|  October 31, 2014  |  
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A Note from Representative Les Gara, Anchorage House District 18

Dear Neighbors,

         I’m coming to grips with the fact that it’s getting cold and fishing season might be over. So, this newsletter might be a little raw, as I get used to the reality that fall “might” be over. Apologies in advance.

Governor Should Drop Lawsuit Against Former First Lady Bella Hammond and Vic Fischer

         You’ve probably heard the state is suing former First Lady Bella Hammond and constitutional framer Vic Fisher - Alaskan icons - for challenging Pebble Mine permits for what would be the largest surface mine in North America, and a potential toxic threat to the world's greatest wild salmon and trout streams.  The Governor has the discretion to drop the lawsuit against Alaskans of limited income, and should.

         I and others warned the law would be used to threaten, or punish, Alaskans who, in good faith, challenged government action they believed illegally endangered our fishing and hunting rights.  Now it has been.

         The law was passed by Governor Murkowski and his legislative allies in 2003 (excerpts from my Floor Speech opposing the bill below).  Last week the state announced it would seek attorney’s fees against Ms. Hammond and Mr. Fischer for a good faith lawsuit they filed to seek public input before the state disposed of our land rights to the British and Canadian Pebble Mine developers.  Now, between the state and those mine developers, roughly $1 million in attorney’s fees are being demanded from two of Alaska's most revered statespeople. 

         As a friend of former Governor Hammond, and someone who immensely respects the work of Mr. Fischer, and as a person who warned against how this law would stifle the public from challenging its own government, I'm not happy. 

         The state and Governor Parnell have the discretion not to pursue fees.  They should drop the lawsuit. 

         Here's what I said in part on the House Floor when this law passed:

         "This bill is about taking away public access to their government, taking away the public’s right to challenge their government’s misconduct....  So, under this bill, if you’re a fisherman and the Department of Natural Resources decides to log the heck out of a fishing stream in violation of the Forest Practices Act, in a way that endangers our fishing populations, and you’re a fishing group and you say: “that’s wrong.  I want to stop the Department of Natural Resources from allowing that logging to occur along the fishing stream,” you’ll no longer have the benefit of this rule.  And you’re going to have to make this decision - shall my non-profit group, shall I stand up and challenge this government conduct at the risk of my life savings?  You’ll probably say no.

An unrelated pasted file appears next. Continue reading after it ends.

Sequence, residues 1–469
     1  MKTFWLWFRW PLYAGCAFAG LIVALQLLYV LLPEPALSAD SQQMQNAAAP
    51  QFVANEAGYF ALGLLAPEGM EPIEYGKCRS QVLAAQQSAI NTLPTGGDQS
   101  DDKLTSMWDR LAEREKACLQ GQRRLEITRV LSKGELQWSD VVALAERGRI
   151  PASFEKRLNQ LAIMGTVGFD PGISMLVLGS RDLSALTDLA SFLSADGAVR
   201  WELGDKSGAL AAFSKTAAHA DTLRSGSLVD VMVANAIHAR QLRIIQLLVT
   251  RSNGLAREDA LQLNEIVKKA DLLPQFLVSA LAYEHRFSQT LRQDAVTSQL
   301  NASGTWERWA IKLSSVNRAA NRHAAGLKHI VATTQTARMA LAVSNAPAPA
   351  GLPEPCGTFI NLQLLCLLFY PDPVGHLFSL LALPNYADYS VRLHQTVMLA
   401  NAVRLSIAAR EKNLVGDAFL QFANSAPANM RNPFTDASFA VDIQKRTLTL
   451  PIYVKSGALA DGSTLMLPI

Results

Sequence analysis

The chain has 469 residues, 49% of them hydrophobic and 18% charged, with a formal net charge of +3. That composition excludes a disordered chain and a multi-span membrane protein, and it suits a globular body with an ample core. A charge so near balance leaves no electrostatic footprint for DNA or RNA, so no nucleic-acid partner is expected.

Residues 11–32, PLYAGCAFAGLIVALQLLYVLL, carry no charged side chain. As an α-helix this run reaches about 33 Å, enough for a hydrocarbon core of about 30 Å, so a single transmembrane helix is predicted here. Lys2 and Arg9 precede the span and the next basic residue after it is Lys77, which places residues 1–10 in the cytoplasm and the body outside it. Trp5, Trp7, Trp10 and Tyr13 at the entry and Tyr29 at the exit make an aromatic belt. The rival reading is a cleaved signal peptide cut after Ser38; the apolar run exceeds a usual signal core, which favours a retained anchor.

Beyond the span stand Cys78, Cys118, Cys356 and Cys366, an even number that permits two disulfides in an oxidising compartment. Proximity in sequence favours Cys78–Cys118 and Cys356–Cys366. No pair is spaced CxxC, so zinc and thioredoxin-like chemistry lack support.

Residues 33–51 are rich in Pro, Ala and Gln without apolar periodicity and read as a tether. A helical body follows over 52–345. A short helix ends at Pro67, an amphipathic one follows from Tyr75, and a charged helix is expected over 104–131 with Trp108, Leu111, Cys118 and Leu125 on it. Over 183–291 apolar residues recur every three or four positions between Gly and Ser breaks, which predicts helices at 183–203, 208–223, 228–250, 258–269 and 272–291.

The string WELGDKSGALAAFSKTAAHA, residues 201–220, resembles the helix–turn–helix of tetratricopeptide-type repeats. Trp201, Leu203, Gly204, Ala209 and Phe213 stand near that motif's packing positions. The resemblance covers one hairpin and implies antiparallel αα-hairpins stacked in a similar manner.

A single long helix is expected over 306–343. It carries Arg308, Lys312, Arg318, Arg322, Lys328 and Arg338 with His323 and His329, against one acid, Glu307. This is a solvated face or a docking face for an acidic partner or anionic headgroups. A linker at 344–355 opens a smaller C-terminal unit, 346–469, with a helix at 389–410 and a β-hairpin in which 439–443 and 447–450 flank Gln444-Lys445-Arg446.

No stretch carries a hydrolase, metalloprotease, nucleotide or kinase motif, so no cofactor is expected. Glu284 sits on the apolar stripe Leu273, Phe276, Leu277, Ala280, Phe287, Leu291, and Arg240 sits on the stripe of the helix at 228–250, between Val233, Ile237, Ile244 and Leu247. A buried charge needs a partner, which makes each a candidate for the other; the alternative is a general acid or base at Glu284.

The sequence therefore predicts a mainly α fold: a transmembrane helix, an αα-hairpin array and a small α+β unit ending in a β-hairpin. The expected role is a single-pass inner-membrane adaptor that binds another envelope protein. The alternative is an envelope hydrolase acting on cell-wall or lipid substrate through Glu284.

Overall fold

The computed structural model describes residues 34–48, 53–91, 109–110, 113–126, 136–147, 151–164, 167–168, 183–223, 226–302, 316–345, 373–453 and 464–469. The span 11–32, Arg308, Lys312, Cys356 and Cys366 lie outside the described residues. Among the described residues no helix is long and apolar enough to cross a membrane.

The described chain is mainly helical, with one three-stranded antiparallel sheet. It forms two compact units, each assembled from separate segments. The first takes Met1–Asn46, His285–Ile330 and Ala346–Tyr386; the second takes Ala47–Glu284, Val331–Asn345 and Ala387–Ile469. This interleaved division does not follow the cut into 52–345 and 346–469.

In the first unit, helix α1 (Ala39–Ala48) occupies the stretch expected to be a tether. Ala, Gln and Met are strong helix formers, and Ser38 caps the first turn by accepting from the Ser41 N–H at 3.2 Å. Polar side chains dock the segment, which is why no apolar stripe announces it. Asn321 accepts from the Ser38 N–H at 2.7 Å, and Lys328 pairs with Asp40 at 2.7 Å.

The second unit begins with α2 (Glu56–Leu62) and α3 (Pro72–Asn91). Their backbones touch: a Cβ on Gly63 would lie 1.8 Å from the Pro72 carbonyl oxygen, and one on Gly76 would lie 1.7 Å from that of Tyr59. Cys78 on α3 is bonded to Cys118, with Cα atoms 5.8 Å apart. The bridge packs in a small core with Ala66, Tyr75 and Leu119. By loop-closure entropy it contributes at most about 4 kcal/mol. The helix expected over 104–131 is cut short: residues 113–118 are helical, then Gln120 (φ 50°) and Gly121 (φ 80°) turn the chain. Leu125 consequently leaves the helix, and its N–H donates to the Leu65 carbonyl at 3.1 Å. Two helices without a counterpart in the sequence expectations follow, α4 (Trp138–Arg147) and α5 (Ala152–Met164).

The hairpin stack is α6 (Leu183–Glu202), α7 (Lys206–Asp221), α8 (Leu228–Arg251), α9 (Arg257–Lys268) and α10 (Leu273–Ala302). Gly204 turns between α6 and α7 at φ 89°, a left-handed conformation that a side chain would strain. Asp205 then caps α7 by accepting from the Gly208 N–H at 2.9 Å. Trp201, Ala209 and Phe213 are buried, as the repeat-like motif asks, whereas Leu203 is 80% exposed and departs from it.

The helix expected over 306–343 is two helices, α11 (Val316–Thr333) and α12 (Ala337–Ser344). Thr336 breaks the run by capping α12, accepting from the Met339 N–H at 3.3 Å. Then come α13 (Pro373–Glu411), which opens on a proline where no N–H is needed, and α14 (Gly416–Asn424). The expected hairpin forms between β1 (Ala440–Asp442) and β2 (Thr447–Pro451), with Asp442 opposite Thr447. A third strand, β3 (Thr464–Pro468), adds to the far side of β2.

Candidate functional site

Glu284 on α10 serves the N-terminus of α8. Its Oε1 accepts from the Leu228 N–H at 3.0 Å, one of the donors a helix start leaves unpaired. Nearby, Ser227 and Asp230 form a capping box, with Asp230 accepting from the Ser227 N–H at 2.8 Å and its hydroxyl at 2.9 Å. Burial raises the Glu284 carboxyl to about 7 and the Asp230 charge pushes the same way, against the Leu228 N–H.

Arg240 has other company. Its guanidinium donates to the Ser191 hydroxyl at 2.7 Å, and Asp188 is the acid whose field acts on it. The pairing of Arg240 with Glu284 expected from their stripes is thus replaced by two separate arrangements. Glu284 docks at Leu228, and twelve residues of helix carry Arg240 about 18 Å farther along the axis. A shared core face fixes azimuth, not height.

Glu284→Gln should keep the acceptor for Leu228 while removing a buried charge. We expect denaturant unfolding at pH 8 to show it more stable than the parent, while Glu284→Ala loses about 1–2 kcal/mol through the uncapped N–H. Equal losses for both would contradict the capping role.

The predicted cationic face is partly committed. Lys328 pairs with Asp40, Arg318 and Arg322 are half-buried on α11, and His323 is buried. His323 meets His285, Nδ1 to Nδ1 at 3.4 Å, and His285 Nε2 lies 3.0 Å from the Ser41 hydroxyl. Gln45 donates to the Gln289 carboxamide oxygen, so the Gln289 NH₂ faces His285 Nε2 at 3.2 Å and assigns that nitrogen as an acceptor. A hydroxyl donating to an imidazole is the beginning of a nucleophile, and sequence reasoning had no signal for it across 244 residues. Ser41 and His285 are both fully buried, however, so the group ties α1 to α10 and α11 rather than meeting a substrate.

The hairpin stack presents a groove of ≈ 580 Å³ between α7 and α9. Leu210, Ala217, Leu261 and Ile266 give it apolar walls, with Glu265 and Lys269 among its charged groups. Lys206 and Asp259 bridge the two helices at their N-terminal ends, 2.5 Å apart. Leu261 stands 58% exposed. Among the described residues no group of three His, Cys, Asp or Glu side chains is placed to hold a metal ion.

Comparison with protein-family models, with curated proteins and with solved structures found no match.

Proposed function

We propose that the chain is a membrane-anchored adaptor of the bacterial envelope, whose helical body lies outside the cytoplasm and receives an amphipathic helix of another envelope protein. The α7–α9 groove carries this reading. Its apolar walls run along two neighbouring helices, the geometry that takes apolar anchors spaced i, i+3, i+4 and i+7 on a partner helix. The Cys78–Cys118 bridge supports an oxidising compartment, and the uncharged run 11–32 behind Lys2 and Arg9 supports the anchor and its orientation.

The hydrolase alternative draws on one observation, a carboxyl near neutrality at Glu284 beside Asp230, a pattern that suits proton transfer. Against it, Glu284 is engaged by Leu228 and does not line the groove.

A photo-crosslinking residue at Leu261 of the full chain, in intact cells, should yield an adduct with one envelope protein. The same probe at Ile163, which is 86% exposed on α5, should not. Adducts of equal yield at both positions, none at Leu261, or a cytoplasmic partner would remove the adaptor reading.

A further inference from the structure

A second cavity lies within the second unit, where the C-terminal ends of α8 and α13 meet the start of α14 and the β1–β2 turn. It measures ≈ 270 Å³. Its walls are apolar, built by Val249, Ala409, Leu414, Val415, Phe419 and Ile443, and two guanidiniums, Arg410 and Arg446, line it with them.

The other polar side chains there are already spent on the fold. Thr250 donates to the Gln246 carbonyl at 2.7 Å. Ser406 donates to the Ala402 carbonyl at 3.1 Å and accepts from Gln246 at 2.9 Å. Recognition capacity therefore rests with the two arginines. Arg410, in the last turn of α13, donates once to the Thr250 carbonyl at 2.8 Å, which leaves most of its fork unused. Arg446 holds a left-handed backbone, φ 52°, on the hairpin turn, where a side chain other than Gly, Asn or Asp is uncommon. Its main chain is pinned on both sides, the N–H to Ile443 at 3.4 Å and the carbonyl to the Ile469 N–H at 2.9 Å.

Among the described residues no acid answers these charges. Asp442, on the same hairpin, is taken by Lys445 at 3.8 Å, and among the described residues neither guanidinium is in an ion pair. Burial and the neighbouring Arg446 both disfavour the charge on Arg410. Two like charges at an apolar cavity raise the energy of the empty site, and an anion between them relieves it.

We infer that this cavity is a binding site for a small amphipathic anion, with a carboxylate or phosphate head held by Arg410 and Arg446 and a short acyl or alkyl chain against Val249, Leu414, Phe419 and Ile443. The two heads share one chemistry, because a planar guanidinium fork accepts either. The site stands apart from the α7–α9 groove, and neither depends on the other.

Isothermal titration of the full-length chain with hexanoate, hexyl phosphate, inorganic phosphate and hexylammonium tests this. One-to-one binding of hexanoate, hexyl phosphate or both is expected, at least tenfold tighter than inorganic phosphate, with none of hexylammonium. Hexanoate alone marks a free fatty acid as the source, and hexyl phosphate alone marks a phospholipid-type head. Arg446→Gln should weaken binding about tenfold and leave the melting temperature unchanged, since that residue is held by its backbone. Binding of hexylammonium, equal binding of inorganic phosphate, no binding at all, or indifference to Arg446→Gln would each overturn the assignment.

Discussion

If you’re a hunter - a sport hunter, a subsistence hunter - and the Department of Fish and Game has written unduly restrictive regulations that keep you from hunting for a moose, and let’s say the regulations are unjustified - because sometimes the government does do things that are unjustified - and you say “that’s just plain wrong.” Well, under the law before this legislature changes it, you can challenge that conduct without a threat from the Attorney General’s office.  But if this legislature changes the law by passing this bill, you’re going to get that letter from the Attorney General’s office that’s going to say “you dare challenge this regulation in court, I’m going to collect attorney’s fees from you.  We’re going to win, you’re going to lose, I’m going to collect attorney’s fees.” 

         If an oil company seems to have a lot of sway with the Department of Environmental Conservation, and succeeds in getting the state to agree to a very ineffective oil spill contingency plan, and fishermen and other members of the public decide the law requires a strong oil spill contingency plan, and you say “well, this one’s too weak under the law. I’m going to challenge it in court.” You’re going to be threatened with attorney’s fees. "

- May 15, 2003, House Floor

         And that's what's now happened. First Lady Hammond and Mr. Fischer wanted to make sure the public had a say in the disposal of lands, and the protection of the world's greatest salmon and trout streams. Shame on the state for seeking punishment.

Outstanding Students and Staff and East High

Rep. Gara with East High's culinary students
Rep. Gara with East High’s culinary students

         Last Wednesday I spent the day at East High. I watched an amazing dance troupe. I saw students learning and studying. I and staff were served a great lunch by culinary students. Congratulations to all the students working so hard at that school, and all the staff who are working to help them achieve their dreams. As a state representative I have an obligation to make sure youth have opportunity, and can achieve their dreams. I'll keep pushing for a reversal of four years of damaging education staff cuts, and for affordable, accessible higher education and job training opportunities.

         As always, call if you have any questions. 

Best Regards,

[signed] Les Gara

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